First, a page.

Here’s the thing. I know that I’m not the first person to talk to them about this stuff, and they even had a reading on the subject for class last week (which, as we all know, some of the probably definitely didn’t read). But there’s a difference between having that information and applying it (or even realizing that you have it hanging out in your brain somewhere). However, I think that there’s a real chance that what we worked on that day will stick in their minds simply because they realized that they already knew how to do the thing I want them to do, and now all they have to do is do it.

(say that sentence 5 times fast)

Their essays are due in a week, so we’ll see how it goes, but based on the conversations we had in class, I’m cautiously optimistic.

Recovering Writing

Today is the fifth day of the new semester, and in a couple of hours, my students and I will be embarking on our third class meeting in which we will be tackling our first documentary (The Thin Blue Line for anybody who happens to be curious). I’m always, always excited to teach, but I’m especially excited to teach on days in which we’re discussing film and/or television shows because that is my jam. That’s what I do in my own work, and I love being able to open that up to students who often don’t know  (like I didn’t know when I was an undergrad) that this is something that has value, something that they can build a life on. In fact, we spent part of class during our second meeting discussing the importance of pop culture in our lives. On the short list of things that I’d like them to take away from this class (ok the list isn’t really that short, but still), I want them to understand how pop culture is intrinsically intertwined with our culture more broadly.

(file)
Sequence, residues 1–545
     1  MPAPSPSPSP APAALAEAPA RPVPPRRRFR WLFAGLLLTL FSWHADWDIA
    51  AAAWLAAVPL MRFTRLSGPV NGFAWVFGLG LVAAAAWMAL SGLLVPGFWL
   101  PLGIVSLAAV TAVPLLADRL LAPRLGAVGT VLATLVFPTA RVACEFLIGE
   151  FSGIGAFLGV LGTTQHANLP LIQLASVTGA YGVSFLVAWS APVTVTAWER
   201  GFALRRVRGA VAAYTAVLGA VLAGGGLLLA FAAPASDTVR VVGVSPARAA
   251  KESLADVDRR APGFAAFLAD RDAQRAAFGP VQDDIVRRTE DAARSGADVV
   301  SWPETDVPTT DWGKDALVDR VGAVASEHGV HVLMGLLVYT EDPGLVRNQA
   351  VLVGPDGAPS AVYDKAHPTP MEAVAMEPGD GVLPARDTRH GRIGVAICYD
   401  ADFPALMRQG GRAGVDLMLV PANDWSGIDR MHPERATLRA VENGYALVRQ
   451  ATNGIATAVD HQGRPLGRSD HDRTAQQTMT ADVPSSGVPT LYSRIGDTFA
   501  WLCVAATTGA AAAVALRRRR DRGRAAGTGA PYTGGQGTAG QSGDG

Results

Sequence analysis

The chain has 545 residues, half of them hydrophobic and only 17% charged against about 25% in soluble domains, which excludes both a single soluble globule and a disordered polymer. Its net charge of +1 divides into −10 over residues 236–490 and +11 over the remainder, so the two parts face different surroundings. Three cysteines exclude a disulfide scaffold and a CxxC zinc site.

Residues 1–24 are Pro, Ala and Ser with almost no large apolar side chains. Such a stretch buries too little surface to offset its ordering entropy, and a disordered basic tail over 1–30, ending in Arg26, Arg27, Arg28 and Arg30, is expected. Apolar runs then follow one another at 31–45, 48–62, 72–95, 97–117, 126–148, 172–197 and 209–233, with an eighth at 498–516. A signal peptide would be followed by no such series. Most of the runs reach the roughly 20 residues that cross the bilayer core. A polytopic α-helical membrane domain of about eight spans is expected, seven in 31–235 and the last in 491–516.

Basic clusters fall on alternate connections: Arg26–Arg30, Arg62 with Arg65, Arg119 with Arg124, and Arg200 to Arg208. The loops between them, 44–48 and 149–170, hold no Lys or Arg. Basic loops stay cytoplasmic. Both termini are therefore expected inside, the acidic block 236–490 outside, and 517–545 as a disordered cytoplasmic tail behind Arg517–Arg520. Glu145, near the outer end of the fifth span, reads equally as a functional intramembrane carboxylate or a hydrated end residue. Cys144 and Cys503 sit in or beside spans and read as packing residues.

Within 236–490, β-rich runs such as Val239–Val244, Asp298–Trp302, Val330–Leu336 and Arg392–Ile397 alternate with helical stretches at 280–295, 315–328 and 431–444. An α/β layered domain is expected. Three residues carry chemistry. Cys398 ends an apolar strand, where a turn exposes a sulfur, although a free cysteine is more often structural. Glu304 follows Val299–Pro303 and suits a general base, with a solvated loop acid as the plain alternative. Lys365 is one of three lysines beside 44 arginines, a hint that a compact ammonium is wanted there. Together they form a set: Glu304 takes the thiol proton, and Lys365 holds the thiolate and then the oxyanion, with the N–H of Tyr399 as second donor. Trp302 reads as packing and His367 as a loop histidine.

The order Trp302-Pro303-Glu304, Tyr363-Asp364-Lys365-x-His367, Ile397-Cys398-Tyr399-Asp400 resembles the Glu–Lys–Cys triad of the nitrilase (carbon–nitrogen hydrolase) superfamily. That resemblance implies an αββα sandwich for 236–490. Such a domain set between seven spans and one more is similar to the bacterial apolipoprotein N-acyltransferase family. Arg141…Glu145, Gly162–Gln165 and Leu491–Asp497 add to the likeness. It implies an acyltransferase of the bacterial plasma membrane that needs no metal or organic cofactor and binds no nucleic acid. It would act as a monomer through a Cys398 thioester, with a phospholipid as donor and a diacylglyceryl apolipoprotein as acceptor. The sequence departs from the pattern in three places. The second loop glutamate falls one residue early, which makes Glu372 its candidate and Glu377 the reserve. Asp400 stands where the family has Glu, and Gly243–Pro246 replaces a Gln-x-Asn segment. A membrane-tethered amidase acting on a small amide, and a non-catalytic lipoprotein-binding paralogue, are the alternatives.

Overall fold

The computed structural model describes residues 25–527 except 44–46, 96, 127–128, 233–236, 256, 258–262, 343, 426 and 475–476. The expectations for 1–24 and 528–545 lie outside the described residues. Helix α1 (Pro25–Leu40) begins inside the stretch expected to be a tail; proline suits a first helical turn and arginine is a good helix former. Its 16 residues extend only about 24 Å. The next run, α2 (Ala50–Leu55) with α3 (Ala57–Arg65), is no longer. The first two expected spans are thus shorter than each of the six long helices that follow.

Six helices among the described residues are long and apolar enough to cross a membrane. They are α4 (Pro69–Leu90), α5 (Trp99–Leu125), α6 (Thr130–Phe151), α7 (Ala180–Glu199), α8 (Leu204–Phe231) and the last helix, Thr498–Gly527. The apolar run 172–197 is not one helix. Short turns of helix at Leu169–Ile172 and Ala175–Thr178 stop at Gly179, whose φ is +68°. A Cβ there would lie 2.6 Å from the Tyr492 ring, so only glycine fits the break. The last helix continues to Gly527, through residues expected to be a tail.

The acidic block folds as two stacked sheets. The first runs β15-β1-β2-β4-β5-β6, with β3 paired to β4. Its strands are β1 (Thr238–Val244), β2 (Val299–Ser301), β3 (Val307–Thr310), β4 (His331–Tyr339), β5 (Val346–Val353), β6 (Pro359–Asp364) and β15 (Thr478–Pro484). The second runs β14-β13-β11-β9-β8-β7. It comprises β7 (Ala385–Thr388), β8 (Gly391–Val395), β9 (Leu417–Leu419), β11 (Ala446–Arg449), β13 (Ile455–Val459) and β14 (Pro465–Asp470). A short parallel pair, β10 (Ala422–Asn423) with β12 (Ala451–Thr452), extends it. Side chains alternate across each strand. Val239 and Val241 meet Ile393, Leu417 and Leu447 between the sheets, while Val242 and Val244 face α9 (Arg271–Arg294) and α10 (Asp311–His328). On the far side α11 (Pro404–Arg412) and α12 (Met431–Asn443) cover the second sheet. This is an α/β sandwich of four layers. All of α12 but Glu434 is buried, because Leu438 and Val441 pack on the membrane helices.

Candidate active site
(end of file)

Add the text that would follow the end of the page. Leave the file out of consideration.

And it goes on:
The other significant focus of our second class meeting was discussing writing. Though my class is one that is centered on documentaries, it is also a second year writing course. Throughout the semester, my students will be composing several different writing assignments, and I thought it necessary to both remind them of that component of the class and to see where their heads were at about writing.

When I asked how many people enjoyed writing, the raised hands were unsurprisingly few and far between. I’m not the first to say this (in fact, John Warner was tweeting about this yesterday: https://twitter.com/biblioracle/status/819534603165831168), but I think school often does ruin writing for students. It makes writing something that is wholly unenjoyable and uninspired, which is something that I intend to try to work against in my class. One of my colleagues mentioned a few days ago that one of his students said they had a teacher who dock them for the very particular way the essay was stapled.

For. The. Way. It. Was. Stapled. Y’all.

*Headdesk*

This is why, when I asked my students to write down something that they knew or believed about writing (inspired by this post: https://jcmadams.wordpress.com/2016/02/15/in-class-activity-what-we-know-about-writing/), I wasn’t surprised by answers like “Writing is tedious and time-consuming.” At some point, writing, particularly “academic writing,” all too easily becomes a series of hoops to jump through and requirements to check off without being emphasized as a valuable process, a useful means of expression, a creative outlet (yes, even the academic stuff), etc. So one of my goals this semester? Counter that. Counter it aggressively. Wish me luck, eh?

(And if you have any handy tips or suggestions, feel free to send them my way)

Netflix-y